Copyright ©The Author(s) 2018. Published by Baishideng Publishing Group Inc. All rights reserved.
World J Gastroenterol. Jul 14, 2018; 24(26): 2806-2817
Published online Jul 14, 2018. doi: 10.3748/wjg.v24.i26.2806
Current clinical management of gastrointestinal stromal tumor
Kazuya Akahoshi, Masafumi Oya, Tadashi Koga, Yuki Shiratsuchi
Kazuya Akahoshi, Yuki Shiratsuchi, Department of Gastroenterology, Aso Iizuka Hospital, Iizuka 820-8505, Japan
Masafumi Oya, Department of Pathology, Aso Iizuka Hospital, Iizuka 820-8505, Japan
Tadashi Koga, Department of Surgery, Aso Iizuka Hospital, Iizuka 820-8505, Japan
Author contributions: Akahoshi K wrote the paper; and Oya M, Koga T and Shiratsuchi Y revised the manuscript for final submission.
Conflict-of-interest statement: No potential conflicts of interest. No financial support.
Open-Access: This article is an open-access article which was selected by an in-house editor and fully peer-reviewed by external reviewers. It is distributed in accordance with the Creative Commons Attribution Non Commercial (CC BY-NC 4.0) license, which permits others to distribute, remix, adapt, build upon this work non-commercially, and license their derivative works on different terms, provided the original work is properly cited and the use is non-commercial. See:
Correspondence to: Kazuya Akahoshi, MD, PhD, Chief Doctor, Department of Gastroenterology, Aso Iizuka Hospital, 3-83 Yoshio Town, Iizuka 820-8505, Japan.
Telephone: +81-948-223800 Fax: +81-948-298747
Received: March 28, 2018
Peer-review started: March 28, 2018
First decision: May 9, 2018
Revised: June 3, 2018
Accepted: June 22, 2018
Article in press: June 22, 2018
Published online: July 14, 2018

Gastrointestinal stromal tumors (GISTs) are the most common malignant subepithelial lesions (SELs) of the gastrointestinal tract. They originate from the interstitial cells of Cajal located within the muscle layer and are characterized by over-expression of the tyrosine kinase receptor KIT. Pathologically, diagnosis of a GIST relies on morphology and immunohistochemistry [KIT and/or discovered on gastrointestinal stromal tumor 1 (DOG1) is generally positive]. The prognosis of this disease is associated with the tumor size and mitotic index. The standard treatment of a GIST without metastasis is surgical resection. A GIST with metastasis is usually only treated by tyrosine kinase inhibitors without radical cure; thus, early diagnosis is the only way to improve its prognosis. However, a GIST is usually detected as a SEL during endoscopy, and many benign and malignant conditions may manifest as SELs. Conventional endoscopic biopsy is difficult for tumors without ulceration. Most SELs have therefore been managed without a histological diagnosis. However, a favorable prognosis of a GIST is associated with early histological diagnosis and R0 resection. Endoscopic ultrasonography (EUS) and EUS-guided fine needle aspiration (EUS-FNA) are critical for an accurate diagnosis of SELs. EUS-FNA is safe and effective in enabling an early histological diagnosis and adequate treatment. This review outlines the current evidence for the diagnosis and management of GISTs, with an emphasis on early management of small SELs.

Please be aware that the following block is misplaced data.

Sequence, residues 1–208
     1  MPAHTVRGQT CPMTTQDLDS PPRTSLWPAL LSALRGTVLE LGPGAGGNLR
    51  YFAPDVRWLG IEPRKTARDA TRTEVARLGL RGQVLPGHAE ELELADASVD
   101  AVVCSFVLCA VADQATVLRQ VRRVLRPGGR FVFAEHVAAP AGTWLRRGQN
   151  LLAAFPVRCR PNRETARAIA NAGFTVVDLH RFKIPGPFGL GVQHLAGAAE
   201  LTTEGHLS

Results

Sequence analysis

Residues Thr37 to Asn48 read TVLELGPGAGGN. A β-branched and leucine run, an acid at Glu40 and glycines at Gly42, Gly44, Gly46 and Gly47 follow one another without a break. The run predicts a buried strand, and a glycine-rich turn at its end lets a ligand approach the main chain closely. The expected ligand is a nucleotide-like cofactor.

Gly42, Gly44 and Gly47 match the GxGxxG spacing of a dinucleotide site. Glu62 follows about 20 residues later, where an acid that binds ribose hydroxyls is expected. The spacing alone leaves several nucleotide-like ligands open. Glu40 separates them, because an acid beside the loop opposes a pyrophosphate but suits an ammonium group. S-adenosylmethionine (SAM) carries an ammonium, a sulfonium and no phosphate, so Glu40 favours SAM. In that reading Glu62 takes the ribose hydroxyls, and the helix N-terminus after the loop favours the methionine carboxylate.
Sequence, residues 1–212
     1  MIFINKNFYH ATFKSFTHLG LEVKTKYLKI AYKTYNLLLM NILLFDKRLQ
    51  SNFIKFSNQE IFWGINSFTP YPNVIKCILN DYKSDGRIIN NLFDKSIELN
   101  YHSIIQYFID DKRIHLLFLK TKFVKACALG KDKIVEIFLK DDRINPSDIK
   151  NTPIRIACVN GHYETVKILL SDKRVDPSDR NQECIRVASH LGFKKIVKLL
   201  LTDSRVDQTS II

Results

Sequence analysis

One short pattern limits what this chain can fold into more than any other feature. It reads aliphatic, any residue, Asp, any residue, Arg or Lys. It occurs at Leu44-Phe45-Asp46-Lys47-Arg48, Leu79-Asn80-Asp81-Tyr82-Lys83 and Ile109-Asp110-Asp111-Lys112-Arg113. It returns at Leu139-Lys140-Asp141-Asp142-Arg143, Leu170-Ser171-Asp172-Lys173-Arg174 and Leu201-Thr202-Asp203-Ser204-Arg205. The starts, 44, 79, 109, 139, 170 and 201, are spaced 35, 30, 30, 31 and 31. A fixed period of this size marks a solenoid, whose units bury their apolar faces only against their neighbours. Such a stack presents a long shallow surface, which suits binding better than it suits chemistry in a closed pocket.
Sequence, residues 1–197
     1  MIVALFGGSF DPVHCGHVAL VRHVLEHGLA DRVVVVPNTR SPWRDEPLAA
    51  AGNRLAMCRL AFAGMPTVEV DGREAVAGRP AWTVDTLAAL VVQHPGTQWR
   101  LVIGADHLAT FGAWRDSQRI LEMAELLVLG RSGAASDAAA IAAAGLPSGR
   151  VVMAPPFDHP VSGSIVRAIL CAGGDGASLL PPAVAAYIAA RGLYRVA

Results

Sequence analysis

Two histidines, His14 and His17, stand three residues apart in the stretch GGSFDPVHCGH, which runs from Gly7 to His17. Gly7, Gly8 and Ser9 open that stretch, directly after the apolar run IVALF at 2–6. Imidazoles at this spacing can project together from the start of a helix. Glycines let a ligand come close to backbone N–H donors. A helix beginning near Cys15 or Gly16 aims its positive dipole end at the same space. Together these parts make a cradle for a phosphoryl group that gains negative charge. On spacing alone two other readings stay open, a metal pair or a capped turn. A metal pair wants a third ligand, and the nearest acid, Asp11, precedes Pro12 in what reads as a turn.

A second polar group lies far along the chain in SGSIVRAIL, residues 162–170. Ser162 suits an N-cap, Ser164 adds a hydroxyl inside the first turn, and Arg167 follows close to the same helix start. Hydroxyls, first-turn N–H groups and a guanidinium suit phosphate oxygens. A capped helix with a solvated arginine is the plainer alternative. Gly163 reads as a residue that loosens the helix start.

Keywords: Gastrointestinal stromal tumor, Endoscopic ultrasonography-guided fine needle aspiration, Endoscopic ultrasonography, Diagnosis, Therapy

Core tip: Potentially malignant gastrointestinal stromal tumors are the most common subepithelial lesions (SELs) of the gastrointestinal tract. SELs include a broader range of differential diagnoses from benign to malignant lesions. The possibility of having a malignant lesion may cause anxiety and discomfort in patients and gastroenterologists. Early and accurate diagnosis of SELs using endoscopic ultrasonography (EUS) and/or EUS-guided fine needle aspiration is vital to guide selection of early appropriate management.